Can You Explain Your Culture?

Or, do you know when you see it?

I think that is how I would think most of us would explain it. Culture is a difficult thing to describe for most of us. Let alone to put it into visuals. I have seen different attempts from 600-page books to a statement as simple as saying problem-solving to describe the Toyota Culture. I have also heard said that many Americans could not describe the culture till after they left Toyota. They could understand better what was missing in other organizations than trying to define what they had.

One of my thoughts working with a fair amount of SaaS companies in recent years is the notion of an Agile Culture. Often times, when I hear someone like Spotify explain their culture it actually is an excellent discussion on how I view Toyota from the outside and other Lean Companies. One of the better descriptions of the mindset required for Agile or Lean was categorized in the Book The Agilit Shift by Pamela Meyer. Meyer calls it; “The Three Cs of the Agility Shift”

  1. Agility’ competence consists of the skills, knowledge, and abilities necessary to respond to the unexpected and unplanned, as well as to find opportunities in new developments and emerging trends.

  2. Agility capacity is the degree of uncertainty and volatility in which a person can be effective.

  3. Agility confidence is the human need to trust in one’s own and others’ competence and capacity to be effective in changing contexts.

Those three C’s, Competence, Capacity and Confidence, I like as a way to start thinking about culture. We could ask ourselves:

  1. How do you define competence, your core capabilities?
  2. What is your capacity to explore, to have that problem-solving mindset?
  3. Do you have the confidence to trust team members, leaders?

I think defining your culture in a Lean Enterprise is extremely important. It sets the pattern for future hires and people development. I question trying to define it too early in a startup or even in a Lean Transformation. You might challenge yourself in an existing company to even develop a current and future state. It might be something to quantify during your annual Hoshin Planning.

Once your culture is defined how do you spread and reinforce it throughout the company, one of the best ways is through visuals. I think the upcoming webinar, Making Culture Visuals Come Alive – Three Easy Steps will bring an interesting perspective.3 Easy Steps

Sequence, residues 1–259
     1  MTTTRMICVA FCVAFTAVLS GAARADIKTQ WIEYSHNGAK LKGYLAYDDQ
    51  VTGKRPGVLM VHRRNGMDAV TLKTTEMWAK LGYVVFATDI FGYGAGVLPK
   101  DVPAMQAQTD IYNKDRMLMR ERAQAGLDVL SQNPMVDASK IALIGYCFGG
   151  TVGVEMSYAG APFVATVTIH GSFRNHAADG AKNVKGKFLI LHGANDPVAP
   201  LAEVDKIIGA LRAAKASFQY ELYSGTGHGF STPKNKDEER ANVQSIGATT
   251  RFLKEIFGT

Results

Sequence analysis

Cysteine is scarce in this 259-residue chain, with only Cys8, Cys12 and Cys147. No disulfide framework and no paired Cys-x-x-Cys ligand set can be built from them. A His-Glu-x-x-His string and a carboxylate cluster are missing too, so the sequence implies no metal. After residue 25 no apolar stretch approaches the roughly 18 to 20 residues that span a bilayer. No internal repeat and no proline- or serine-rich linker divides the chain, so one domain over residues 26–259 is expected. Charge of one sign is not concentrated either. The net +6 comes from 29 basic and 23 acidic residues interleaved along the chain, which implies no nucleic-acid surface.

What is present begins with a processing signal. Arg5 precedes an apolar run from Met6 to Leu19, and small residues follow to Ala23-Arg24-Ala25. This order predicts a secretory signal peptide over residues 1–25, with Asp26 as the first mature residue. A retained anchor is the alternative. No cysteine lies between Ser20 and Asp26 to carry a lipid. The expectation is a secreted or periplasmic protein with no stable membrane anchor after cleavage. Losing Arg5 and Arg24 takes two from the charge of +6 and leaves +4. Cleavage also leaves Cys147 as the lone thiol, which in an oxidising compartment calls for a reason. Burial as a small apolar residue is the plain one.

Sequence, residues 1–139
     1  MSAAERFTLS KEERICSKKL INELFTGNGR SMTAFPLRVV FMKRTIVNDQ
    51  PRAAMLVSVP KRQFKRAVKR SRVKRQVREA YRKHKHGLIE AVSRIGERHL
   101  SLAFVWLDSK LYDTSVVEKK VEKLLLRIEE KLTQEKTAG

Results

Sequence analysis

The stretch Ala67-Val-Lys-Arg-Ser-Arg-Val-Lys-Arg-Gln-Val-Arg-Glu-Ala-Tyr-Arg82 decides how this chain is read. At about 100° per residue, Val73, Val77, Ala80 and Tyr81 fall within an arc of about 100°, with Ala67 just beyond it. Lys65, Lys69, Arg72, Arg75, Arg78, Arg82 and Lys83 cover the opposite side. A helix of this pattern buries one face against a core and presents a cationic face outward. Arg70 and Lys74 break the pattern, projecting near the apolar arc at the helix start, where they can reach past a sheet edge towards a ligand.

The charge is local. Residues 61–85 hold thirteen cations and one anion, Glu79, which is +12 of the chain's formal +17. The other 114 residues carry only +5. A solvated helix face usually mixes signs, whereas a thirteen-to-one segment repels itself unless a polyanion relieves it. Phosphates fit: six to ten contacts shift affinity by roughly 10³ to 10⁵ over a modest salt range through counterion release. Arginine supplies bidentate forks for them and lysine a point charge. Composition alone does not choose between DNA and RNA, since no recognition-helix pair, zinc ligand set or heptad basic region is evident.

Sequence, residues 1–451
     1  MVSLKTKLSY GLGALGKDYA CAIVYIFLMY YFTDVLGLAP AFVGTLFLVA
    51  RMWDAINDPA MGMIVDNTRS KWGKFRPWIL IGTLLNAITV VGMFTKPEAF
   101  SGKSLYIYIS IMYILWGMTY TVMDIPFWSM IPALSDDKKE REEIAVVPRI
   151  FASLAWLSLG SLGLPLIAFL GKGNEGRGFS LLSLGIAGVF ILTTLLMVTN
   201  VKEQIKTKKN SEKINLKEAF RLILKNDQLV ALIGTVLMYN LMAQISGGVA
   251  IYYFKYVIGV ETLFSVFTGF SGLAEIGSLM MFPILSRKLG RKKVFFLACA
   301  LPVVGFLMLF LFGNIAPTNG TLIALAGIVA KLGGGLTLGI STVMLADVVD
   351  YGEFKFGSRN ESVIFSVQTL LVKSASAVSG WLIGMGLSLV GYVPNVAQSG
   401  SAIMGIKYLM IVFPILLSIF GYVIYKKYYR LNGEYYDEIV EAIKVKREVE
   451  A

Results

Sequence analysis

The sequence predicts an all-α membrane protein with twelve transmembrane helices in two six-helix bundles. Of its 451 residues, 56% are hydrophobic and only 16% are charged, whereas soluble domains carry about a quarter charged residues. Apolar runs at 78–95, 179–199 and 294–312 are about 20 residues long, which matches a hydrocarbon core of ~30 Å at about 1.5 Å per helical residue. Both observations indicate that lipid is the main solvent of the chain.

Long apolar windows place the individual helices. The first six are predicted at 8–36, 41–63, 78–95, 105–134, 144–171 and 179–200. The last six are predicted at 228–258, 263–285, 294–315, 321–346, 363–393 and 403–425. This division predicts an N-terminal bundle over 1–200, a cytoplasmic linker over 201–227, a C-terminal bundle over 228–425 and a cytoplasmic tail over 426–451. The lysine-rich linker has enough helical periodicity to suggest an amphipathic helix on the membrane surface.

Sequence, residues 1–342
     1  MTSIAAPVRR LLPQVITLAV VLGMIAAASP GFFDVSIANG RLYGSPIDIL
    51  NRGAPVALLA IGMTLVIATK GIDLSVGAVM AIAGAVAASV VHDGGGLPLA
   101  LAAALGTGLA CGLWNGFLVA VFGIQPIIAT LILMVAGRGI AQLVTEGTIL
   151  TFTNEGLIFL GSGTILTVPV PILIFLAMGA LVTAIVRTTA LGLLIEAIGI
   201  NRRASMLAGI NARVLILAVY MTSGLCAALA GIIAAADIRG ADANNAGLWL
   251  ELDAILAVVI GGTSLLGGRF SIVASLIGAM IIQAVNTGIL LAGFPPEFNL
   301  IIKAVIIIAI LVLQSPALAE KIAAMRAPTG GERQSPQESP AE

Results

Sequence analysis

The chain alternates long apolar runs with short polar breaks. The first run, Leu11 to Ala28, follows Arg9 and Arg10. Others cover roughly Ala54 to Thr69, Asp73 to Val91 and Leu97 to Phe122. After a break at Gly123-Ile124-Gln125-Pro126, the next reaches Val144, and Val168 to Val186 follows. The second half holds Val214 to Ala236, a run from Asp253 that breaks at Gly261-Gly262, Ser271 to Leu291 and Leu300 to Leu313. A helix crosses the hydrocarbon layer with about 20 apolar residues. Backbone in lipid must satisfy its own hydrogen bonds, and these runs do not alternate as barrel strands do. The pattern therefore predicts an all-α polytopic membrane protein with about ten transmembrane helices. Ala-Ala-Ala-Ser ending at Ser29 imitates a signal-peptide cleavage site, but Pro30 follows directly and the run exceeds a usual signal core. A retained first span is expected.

The short description of the webinar:

An engaging culture is a pivotal foundation for success in the continuous improvement world. We all KNOW the culture we want to create, and we all KNOW the importance of visuals in a continuous improvement environment, so why not combine the two for success.

During this short webinar, Gemline will share:

  • Process that assisted in the creation of their culture visual
  • Getting the leadership team to embrace the culture visual
  • How the visual “came alive” with the entire facility

Presenter: Susan Kamacho, HR Manager for Gemline

Date and Time: Wed, Aug 9, 2017 2:00 PM – 2:30 PM EDT

Registration Free: Sign Up Now

Lean People Development is part of Lean Leadership Week that starts with the 2-day Lean People Development Summit and ends with the 2-day Lean Accounting & Management Summit. Between the 2 events is a unique offering of workshops applicable to both sets of attendees. Join executives and their teams from around the globe and explore best practices as it relates to developing people and managing the business of the lean enterprise. Lean Leadership Week takes place September 11-15, 2017 in the charming Southern city of Savannah, GA! For more information visit: http://leanpeopledevelopment.com/.

About: Lean Frontiers hosts leading-edge, intensely-focused learning events for the lean community. These events take the form of Large Summits, hands-on workshops, and online learning opportunities. A unique mix of thought leaders and practitioners present, and facilitate in a variety of learning formats at each event. Everything they do is focused on involving everyone in lean thinking and giving them the skills to sustain it. Founded in 2004 by Jim Huntzinger and with business partner Dwayne Butcher, Lean Frontiers has grown considerably offering lean events in the United States, Europe and Asia Pacific. For more information on Lean Frontiers, visit www.leanfrontiers.com.

Disclosure: I am working in with Lean Frontiers on the Lean People Development Summit.

 

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